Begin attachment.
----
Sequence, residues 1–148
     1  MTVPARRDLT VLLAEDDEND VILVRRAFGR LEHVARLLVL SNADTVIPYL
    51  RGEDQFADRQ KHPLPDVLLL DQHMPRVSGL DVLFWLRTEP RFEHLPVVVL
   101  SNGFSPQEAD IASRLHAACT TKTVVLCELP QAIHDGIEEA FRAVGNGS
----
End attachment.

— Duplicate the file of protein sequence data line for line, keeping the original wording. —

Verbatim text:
Sequence, residues 1–148
     1  MTVPARRDLT VLLAEDDEND VILVRRAFGR LEHVARLLVL SNADTVIPYL
    51  RGEDQFADRQ KHPLPDVLLL DQHMPRVSGL DVLFWLRTEP RFEHLPVVVL
   101  SNGFSPQEAD IASRLHAACT TKTVVLCELP QAIHDGIEEA FRAVGNGS